The CEO of the Ethos Foundation will be speaking this Tuesday morning at the last general meeting of Credit Suisse. In particular, he will call for full disclosure of the responsibility of the bank's current and former executives.

For many years, the Ethos Foundation has been concerned by the abuses and misconduct observed within the highest management bodies of Credit Suisse. These include remunera-tions - which reached unimaginable heights during the Brady Dougan era - but also the numerous financial and legal cases that have tarnished the bank's reputation - and conse-quently its share price - over the past 10 years and that have ultimately led to the current debacle. 

In the voting recommendations it provides to its clients, Ethos has opposed all votes on remuneration since 2009. It has consistently advocated for an overhaul of the remuneration system with the main objective of reducing the incentives for risk-taking for top management and the most exposed employees ("key risk takers"). Ethos now expects the legislator to learn from the consequences of excessive variable remuneration systems and to im-pose limitations in the banking sector as is the case in the European Union (CRD V).

Ethos has also recommended to systematically oppose the discharge of the board of direc-tors and the executive management since 2014 and even requested last year a special audit of the bank in connection with the Greensill and SwissLeaks cases. 

Since 2015, Ethos has also supported the idea of separating the Swiss bank from the rest of the group, an idea that came from the management but was finally abandoned by the board of directors. Finally, Ethos has been concerned since 2011 about the low level of equity capital declared by the bank. It has thus opposed the share buyback programmes and the payment of a dividend on four occasions (2016, 2017, 2021 and 2022). 

See retrospective of Ethos interventions at Credit Suisse

The Ethos Foundation did not lead this opposition willingly, but to prevent a flagship of the Swiss economy from disappearing due to the greed and incompetence of its managers. Unfortunately, Ethos - together with its members and clients - often received a low level of support at general meetings. The request for a special audit, for example, received only 10% of the votes last year. 

Today, the situation is clear: Credit Suisse is probably experiencing its last general meeting, shareholders have lost considerable amounts of money and thousands of jobs are on the line. For the Ethos Foundation, it is now time to learn from this debacle and avoid repeating the same mistakes in the future. Its CEO Vincent Kaufmann will speak this Tuesday morning in Zurich to ask the board of directors, and in particular its current chairman Mr. Axel Lehmann, to shed light on the responsibility of the bank's current and former managers.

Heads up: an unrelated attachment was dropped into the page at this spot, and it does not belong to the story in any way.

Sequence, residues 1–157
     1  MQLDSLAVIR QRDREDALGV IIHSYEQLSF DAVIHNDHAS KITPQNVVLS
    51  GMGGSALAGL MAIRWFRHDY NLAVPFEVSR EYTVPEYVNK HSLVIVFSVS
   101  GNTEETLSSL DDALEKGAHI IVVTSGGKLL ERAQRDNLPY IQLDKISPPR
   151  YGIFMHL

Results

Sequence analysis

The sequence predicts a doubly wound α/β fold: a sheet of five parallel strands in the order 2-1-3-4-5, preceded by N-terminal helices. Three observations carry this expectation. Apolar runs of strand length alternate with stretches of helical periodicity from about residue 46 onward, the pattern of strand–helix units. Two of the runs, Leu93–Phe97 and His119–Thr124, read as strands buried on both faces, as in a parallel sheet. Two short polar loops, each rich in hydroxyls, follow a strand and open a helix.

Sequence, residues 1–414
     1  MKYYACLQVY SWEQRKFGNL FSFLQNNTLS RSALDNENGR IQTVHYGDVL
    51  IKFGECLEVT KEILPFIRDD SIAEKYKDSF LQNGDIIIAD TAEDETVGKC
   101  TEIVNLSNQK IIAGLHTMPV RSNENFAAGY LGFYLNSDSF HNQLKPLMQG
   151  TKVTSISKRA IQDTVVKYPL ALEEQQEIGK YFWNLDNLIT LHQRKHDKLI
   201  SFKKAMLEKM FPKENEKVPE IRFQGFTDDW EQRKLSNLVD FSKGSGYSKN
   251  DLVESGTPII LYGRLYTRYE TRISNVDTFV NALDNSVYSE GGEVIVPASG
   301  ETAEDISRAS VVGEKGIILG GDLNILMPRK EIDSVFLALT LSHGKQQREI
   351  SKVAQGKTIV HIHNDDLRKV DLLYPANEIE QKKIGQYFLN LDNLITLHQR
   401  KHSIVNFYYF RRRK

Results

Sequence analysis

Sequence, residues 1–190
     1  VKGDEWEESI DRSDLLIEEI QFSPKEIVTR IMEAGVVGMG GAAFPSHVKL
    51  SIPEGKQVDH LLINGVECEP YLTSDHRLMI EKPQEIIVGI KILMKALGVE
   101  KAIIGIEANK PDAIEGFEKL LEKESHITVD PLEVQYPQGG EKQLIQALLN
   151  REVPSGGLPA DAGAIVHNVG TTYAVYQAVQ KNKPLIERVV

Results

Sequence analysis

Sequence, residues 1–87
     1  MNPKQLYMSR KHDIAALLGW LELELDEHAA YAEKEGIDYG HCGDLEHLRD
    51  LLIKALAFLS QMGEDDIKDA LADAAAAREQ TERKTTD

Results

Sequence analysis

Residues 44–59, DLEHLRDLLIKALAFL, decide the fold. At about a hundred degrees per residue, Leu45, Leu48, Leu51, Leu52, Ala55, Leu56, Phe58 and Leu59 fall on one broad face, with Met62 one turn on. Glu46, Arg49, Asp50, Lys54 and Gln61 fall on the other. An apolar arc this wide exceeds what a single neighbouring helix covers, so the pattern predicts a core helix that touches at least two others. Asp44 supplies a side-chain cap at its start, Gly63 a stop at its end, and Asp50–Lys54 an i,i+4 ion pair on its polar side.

A series of written questions have also been addressed to the board of directors and Ethos now expects detailed answers from the bank in the minutes of this general meeting: 

  • On what financial basis and at what balance sheet date did the board of directors accept the takeover offer valuing the bank at CHF 3.25 billion? 
  • How did the board of directors ensure that the damage we as shareholders suffered was not caused by the current and former directors through intentional or negligent breach of duty, especially in the years in which discharge was never granted (2020 and 2022)?
  • According to Article 756 of the Swiss Code of Obligations, the company and each shareholder have the right to sue Credit Suisse for damages. Has the board of directors initiated legal action against any of the executives or does it intend to do so?
  • What has the board of directors done to ensure that none of the compensation paid to former executives, in particular the variable compensation, is undue within the meaning of Article 678 of the Swiss Code of Obligations?
  • Was a demerger of the Swiss bank with an IPO as foreseen by the "too big to fail" regulation considered by the board of directors during the strategic review announced last October? If so, why was this plan not retained?
  • What is the exact amount of variable remuneration that will not be paid following the decision of the Federal department of finance communicated on 21 March 2023? Does this only concern the remuneration of the general management or also that of the key risk takers, or even of all employees? 
  • More specifically, what will happen to the CHF 367 million retention awards and the CHF 497 million paid in 2022 under the Strategic Delivery Plan? 
  • Do Credit Suisse's existing compensation plans include change of control clauses? If so, will they apply in the case of the merger with UBS?
  • What portion of the USD 175 million transaction with Mr. Klein announced on 2 February is due to him as a result of the UBS takeover announcement? Was the CHF 10 million "advisory fee" planned for Mr. Klein before the actual takeover actually paid to him?
General meetings